void* syscall_thread3(void *instance)
{
    pthread_barrier_wait(&t_barrier);
    printf("In thread = %lu\n", pthread_self());
    if ((open("some_non_existing_file", O_RDWR)) == -1)
        perror("open:");
}


Output:

In thread = 3079547760
socket:: Socket type not supported
In thread = 3071155056
socket:: Address family not supported by protocol
In thread = 3062762352
open:: No such file or directory


Works as expected! However order of print depends on thread scheduling by linux scheduler. We may have to compile glibc with _REENTRANT option to achieve per thread 'errno' storage.


How about digging glibc code for a while?

/usr/include/errno.h says 'errno' is per-thread variable.

#ifdef  _ERRNO_H

/* Declare the `errno' variable, unless it's defined as a macro by
   bits/errno.h.  This is the case in GNU, where it is a per-thread
   variable.  This redeclaration using the macro still works, but it
   will be a function declaration without a prototype and may trigger
   a -Wstrict-prototypes warning.  */

#ifndef errno
extern int errno;
#endif


another snippet under /usr/include/i386-linux-gnu/bits/errno.h

#  if !defined _LIBC || defined _LIBC_REENTRANT
/* When using threads, errno is a per-thread value.  */
#   define errno (*__errno_location ())
#  endif
# endif /* !__ASSEMBLER__ */
#endif /* _ERRNO_H */


basically errno_location() function gets address of global 'errno' variable. As per the article in here: http://pauillac.inria.fr/~xleroy/linuxthreads/faq.html,

"Thus, for programs not linked with LinuxThreads, defining _REENTRANT makes no difference w.r.t. errno processing. But LinuxThreads redefines __errno_location() to return a location in the thread descriptor reserved for holding the current value of errno for the calling thread. Thus, each thread operates on a different errno location."

which means that each thread gets its own copy of 'errno'.

Small search in cscope for errno_location() leads to hurd/hurd/threadvar.h which says it all. What it means need to dig still further which even I am doing :-). The value seems to be obtained from some offset from thread stack pointer (just assuming).

/* Return the location of the value for the per-thread variable with index
   INDEX used by the thread whose stack pointer is SP.  */

extern unsigned long int *__hurd_threadvar_location_from_sp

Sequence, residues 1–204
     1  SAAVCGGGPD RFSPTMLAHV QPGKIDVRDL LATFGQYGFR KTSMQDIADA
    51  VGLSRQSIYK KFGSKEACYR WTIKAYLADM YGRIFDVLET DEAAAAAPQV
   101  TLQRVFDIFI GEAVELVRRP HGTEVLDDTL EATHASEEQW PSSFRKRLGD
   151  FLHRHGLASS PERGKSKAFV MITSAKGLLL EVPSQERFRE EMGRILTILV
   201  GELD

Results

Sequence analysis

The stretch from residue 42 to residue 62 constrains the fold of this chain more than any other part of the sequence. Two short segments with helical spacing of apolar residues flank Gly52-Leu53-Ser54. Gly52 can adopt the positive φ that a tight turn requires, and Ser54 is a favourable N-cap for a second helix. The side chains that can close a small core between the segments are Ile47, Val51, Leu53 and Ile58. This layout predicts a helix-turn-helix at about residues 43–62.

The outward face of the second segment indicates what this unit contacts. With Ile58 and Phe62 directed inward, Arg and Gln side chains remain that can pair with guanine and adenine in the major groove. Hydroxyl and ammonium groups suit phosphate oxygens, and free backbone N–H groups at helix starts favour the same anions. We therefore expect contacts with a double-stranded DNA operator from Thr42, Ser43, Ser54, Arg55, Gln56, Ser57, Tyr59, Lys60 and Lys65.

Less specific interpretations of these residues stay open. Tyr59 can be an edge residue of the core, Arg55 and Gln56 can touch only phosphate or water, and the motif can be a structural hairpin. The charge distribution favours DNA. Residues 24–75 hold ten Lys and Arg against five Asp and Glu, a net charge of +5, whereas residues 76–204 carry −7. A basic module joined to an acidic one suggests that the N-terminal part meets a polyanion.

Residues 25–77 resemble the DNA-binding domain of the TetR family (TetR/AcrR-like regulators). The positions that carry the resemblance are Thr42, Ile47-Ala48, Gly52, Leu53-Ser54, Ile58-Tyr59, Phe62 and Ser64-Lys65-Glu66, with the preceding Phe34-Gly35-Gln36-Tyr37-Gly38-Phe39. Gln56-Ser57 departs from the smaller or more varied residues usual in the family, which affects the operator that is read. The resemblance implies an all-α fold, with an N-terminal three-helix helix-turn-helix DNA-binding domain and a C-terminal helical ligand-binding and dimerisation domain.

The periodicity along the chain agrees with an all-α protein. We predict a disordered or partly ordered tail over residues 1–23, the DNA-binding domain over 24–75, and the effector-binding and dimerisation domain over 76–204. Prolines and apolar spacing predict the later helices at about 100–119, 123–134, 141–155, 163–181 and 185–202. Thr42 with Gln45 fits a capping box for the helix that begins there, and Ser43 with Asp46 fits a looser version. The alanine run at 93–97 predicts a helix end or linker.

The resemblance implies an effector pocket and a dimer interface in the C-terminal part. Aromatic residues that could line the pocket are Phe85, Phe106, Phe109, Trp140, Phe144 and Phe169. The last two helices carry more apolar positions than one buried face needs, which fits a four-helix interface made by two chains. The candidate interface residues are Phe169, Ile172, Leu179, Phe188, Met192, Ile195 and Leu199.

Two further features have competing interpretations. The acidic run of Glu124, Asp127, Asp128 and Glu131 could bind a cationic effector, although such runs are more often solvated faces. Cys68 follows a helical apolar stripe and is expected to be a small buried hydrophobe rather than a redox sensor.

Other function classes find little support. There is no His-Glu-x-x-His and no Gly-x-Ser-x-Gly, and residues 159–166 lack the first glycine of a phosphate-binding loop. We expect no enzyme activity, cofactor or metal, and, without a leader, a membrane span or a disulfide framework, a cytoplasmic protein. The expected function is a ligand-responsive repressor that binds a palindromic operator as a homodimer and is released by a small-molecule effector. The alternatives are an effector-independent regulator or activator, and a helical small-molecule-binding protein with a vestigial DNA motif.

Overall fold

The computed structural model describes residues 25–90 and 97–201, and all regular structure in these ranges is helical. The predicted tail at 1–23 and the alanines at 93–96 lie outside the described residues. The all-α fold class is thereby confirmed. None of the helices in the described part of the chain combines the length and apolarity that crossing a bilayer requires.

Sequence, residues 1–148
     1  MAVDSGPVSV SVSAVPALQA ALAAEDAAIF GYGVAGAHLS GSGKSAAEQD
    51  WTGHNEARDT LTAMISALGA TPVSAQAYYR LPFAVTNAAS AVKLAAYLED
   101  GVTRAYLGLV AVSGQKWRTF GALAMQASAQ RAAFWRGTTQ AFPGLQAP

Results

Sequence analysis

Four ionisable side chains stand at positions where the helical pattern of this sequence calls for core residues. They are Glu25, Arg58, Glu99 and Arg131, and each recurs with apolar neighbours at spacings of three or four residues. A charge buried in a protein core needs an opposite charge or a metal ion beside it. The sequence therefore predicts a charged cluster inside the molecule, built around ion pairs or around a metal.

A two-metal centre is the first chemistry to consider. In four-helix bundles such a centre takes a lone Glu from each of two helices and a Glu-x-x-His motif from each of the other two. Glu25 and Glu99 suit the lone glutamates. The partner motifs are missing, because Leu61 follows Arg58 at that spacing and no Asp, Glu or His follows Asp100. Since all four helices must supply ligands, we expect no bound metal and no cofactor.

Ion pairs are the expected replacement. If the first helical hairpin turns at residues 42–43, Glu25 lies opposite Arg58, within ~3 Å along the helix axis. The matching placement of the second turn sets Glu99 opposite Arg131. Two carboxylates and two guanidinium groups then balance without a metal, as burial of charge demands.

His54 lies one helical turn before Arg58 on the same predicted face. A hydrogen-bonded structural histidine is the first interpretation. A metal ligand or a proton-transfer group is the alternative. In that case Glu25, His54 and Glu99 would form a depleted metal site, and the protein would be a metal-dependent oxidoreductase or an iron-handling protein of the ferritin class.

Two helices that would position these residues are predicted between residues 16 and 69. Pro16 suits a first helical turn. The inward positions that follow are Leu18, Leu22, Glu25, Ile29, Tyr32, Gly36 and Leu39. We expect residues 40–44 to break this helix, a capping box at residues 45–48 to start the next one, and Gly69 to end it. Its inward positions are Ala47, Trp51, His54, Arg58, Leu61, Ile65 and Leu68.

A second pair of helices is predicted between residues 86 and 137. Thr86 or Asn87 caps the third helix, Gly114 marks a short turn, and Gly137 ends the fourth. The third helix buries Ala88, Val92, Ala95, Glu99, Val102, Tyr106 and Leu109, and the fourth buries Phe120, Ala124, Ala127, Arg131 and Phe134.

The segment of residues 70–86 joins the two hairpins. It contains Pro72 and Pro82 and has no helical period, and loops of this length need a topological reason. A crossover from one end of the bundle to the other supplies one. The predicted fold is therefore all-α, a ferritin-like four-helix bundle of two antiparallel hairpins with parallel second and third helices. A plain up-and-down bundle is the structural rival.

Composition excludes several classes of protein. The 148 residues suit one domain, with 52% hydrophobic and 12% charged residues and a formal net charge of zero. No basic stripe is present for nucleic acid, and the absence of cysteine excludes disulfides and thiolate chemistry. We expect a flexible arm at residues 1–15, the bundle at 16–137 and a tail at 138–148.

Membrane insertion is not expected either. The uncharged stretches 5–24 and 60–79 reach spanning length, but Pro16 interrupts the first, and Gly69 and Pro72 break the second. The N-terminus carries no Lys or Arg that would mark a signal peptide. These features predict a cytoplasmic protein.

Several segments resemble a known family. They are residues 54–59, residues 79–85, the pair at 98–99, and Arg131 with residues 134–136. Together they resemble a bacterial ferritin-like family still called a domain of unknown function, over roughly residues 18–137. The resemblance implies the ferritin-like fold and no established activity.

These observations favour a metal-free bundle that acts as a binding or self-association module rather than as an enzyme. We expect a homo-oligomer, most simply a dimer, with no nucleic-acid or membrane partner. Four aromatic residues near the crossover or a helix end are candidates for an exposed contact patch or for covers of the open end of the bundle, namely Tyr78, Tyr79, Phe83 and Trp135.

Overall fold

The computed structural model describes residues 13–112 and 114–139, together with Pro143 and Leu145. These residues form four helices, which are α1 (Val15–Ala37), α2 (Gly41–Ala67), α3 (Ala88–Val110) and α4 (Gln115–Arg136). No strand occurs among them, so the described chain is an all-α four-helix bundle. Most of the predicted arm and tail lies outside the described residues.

(enum __hurd_threadvar_index __index, void *__sp);
_HURD_THREADVAR_H_EXTERN_INLINE unsigned long int *
__hurd_threadvar_location_from_sp (enum __hurd_threadvar_index __index,
                                   void *__sp)
{
  unsigned long int __stack = (unsigned long int) __sp;
  return &((__stack >= __hurd_sigthread_stack_base &&
            __stack < __hurd_sigthread_stack_end)
           ? __hurd_sigthread_variables
           : (unsigned long int *) ((__stack & __hurd_threadvar_stack_mask) +
                                    __hurd_threadvar_stack_offset))[__index];
}

/* Return the location of the current thread's value for the
   per-thread variable with index INDEX.  */

extern unsigned long int *
__hurd_threadvar_location (enum __hurd_threadvar_index __index) __THROW
     /* This declaration tells the compiler that the value is constant
        given the same argument.  We assume this won't be called twice from
        the same stack frame by different threads.  */
     __attribute__ ((__const__));

_HURD_THREADVAR_H_EXTERN_INLINE unsigned long int *
__hurd_threadvar_location (enum __hurd_threadvar_index __index)
{
  return __hurd_threadvar_location_from_sp (__index,
                                            __thread_stack_pointer ());
}


Conclusion is glibc marks 'errno' as per thread variable and it is safe to access 'errno' across threads. Any comments or suggestions are greatly welcome

Thanks to wonderful book Linux System Programming by Robert Love through which I came to know that 'errno' is thread safe.